|Publication number||US6231671 B1|
|Application number||US 09/185,698|
|Publication date||May 15, 2001|
|Filing date||Nov 4, 1998|
|Priority date||Nov 4, 1998|
|Also published as||CA2346944A1, DE69920736D1, DE69920736T2, EP1126923A1, EP1126923B1, WO2000025935A1|
|Publication number||09185698, 185698, US 6231671 B1, US 6231671B1, US-B1-6231671, US6231671 B1, US6231671B1|
|Inventors||Scott L. Ciliske, Luther E. Erickson, Gary W. Maier, Bruce J. G. Wahoski|
|Original Assignee||3M Innovative Properties Company|
|Export Citation||BiBTeX, EndNote, RefMan|
|Patent Citations (14), Non-Patent Citations (1), Referenced by (4), Classifications (8), Legal Events (5)|
|External Links: USPTO, USPTO Assignment, Espacenet|
The present invention relates to coating dies. More particularly, the present invention relates to supports for coating dies.
Coating dies are well known, and there are many variations. One typical coating die includes an upstream bar and a downstream bar connected together. An upstream die lip is part of the upstream bar, and a downstream die lip is part of the downstream bar. A manifold is formed in one or both bars and leads into a slot which exits the die at the lips of the die. Coating fluid is supplied through a channel to the manifold for distribution through the slot and coating onto a moving web or other surface to be coated. The coating fluid can form a continuous coating bead among the upstream die lip, the downstream die lip, and the surface being coated (such as a moving substrate or web). The coating fluid can be one of numerous liquids or other fluids. A vacuum chamber can apply vacuum upstream of the bead to stabilize the coating bead. The coating fluid can be applied to the web in a free span or against a backup roller.
A wide range of fluids are applied to surfaces using various coating dies. The coating dies themselves are modified for a specific application to optimize the coating of fluid on the surface. Varying other external features, such as the hardness of backup rolls, can also optimize coating. Within a given die configuration, the coating quality can be changed drastically by making small angle changes and height changes between the coating die parting line and a radial line extending outward from the center of the backup roll. Still, uneven coating persists often due to such factors as rubber roll runout or straightness, web line vibration, web thickness and surface variations, nonlinearity of the die lips, and the need for a precise placement of the die lip on the web. Coatings are sometimes inconsistent across their width due to an unevenness of the cross web die pressure.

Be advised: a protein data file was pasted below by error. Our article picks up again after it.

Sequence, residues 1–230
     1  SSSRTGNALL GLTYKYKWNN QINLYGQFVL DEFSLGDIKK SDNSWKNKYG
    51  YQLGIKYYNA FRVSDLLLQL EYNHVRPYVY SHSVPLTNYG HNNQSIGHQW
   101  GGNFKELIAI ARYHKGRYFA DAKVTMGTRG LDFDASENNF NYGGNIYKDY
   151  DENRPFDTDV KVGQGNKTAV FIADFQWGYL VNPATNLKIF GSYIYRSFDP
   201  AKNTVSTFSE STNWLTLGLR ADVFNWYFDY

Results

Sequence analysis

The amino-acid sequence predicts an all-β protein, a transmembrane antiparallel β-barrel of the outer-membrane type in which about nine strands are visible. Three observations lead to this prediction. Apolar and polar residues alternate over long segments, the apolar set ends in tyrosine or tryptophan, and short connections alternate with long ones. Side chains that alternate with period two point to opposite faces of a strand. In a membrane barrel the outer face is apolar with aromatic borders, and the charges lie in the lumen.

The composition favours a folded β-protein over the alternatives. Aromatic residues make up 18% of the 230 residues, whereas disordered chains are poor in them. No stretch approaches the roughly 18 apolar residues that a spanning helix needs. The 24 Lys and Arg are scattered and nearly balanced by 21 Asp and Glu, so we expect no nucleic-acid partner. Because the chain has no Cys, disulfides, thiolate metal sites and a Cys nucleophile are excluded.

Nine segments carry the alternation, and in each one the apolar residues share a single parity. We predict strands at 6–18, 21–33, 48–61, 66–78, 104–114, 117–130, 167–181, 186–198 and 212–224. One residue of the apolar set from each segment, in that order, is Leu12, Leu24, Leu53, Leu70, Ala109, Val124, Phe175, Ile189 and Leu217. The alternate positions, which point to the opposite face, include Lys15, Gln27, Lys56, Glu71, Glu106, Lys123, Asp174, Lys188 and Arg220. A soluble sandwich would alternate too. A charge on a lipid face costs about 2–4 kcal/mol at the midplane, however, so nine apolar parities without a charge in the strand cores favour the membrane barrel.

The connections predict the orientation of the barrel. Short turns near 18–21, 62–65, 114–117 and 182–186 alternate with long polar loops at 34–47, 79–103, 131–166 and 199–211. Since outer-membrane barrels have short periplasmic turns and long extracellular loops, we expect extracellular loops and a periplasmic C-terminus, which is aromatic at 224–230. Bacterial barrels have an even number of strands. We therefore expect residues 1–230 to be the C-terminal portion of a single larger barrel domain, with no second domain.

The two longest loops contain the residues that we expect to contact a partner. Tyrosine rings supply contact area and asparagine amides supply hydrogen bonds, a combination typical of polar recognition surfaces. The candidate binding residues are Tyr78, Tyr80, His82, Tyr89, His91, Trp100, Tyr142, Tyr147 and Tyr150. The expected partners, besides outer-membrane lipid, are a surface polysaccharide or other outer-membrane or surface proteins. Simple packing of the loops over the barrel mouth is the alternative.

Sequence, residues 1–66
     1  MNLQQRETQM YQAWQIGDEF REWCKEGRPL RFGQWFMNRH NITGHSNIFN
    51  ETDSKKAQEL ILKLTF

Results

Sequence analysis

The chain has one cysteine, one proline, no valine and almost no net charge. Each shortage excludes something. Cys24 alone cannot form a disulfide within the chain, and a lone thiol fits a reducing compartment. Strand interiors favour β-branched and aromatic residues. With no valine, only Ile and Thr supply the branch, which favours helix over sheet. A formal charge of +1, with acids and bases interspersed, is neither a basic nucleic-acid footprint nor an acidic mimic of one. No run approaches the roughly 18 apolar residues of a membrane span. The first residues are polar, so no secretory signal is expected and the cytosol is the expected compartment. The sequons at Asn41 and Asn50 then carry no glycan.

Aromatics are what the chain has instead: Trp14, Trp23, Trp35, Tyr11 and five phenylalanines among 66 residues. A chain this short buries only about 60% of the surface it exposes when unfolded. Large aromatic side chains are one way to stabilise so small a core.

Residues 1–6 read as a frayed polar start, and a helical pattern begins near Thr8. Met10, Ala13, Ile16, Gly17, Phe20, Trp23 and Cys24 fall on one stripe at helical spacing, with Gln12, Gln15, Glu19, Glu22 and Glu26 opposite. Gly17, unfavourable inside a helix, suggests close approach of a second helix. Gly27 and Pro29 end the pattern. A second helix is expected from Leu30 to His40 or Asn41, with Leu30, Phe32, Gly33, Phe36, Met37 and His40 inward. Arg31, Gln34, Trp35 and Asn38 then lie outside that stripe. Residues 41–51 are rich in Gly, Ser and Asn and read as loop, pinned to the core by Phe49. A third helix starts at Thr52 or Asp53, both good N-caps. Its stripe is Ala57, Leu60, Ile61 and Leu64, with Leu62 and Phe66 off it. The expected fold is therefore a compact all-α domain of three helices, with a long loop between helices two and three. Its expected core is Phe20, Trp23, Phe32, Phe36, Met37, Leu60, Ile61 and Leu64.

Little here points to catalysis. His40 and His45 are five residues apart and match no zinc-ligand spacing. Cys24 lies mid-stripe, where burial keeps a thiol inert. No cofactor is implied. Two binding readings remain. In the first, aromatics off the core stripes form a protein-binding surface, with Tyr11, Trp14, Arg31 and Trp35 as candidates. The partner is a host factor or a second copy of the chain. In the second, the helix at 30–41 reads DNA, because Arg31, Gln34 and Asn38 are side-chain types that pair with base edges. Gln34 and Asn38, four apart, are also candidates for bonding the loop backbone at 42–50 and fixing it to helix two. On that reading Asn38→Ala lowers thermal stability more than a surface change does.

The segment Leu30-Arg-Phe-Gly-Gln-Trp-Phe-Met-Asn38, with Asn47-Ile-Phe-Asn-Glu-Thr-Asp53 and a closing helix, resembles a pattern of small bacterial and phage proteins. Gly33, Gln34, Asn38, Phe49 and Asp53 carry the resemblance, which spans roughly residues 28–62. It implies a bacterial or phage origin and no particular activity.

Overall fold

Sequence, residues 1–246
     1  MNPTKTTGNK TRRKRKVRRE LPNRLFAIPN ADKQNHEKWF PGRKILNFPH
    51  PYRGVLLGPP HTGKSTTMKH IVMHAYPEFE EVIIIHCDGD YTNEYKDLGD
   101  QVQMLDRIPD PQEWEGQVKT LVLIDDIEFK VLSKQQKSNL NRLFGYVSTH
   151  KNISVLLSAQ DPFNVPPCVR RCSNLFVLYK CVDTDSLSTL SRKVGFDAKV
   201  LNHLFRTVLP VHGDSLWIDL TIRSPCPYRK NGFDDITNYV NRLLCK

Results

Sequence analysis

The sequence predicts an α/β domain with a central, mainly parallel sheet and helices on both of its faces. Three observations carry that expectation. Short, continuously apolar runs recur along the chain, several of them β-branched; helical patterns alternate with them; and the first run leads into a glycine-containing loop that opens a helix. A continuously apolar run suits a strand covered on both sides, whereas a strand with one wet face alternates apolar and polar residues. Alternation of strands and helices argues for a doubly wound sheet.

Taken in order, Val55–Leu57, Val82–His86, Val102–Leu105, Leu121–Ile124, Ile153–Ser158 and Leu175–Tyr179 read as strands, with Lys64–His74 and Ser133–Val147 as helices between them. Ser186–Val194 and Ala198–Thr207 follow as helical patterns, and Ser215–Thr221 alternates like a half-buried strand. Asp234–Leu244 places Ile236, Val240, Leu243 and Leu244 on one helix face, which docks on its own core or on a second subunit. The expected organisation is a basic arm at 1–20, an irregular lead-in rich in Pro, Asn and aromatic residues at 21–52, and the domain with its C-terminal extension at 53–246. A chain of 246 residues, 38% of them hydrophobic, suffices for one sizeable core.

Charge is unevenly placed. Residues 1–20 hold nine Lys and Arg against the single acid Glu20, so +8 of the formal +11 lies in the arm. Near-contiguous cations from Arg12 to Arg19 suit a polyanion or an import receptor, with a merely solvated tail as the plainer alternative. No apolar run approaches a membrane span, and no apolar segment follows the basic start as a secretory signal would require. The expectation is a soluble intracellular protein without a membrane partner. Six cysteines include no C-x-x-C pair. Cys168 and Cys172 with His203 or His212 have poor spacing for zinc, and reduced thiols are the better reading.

The mounting systems for the coating dies are also modified to optimize coating. Coating dies are mounted at a location, sometimes called the coating station, at which the coating fluid is to be applied to a surface. Known mounting devices are rigid or fixed. That is, the die is positioned and fixed at a precise location adjacent the surface to be coated to optimize coating. This location can be changed to accommodate various fluids and coating conditions. However, during coating, the die remains stationary on its mount.
In some cases, coatings are applied to the web without any supporting member on the web backside at the point of coating application. An example of this is mayer rod coating where the web is supported between two rollers and a coating rod is mounted such that the web partially wraps around the rod circumference. The coating uniformity is controlled by, among other things, the rod straightness, web wrap angle around the rod, overall web tension, and the point-to-point web tension uniformity. If there is bag in the web at any point, that part of the web will have heavier coating than an adjacent area without bag that has a higher corresponding web tension.
In a similar manner, a pre-metered coating die can be pressed against a web in a free span between two rollers. Assuming that the coating die is designed properly for the coating liquid and provides a perfectly uniform crossweb distribution without the web in place, the final coating uniformity is a function of the localized web tension. A high web tension in one area of the die will cause the liquid to move towards an area having a lower localized web tension. Lower localized web tension in coating areas have higher coating thicknesses and higher tension areas have lower coating thicknesses. In extreme cases, the web tension will dominate the coating quality and cause skips and streaks.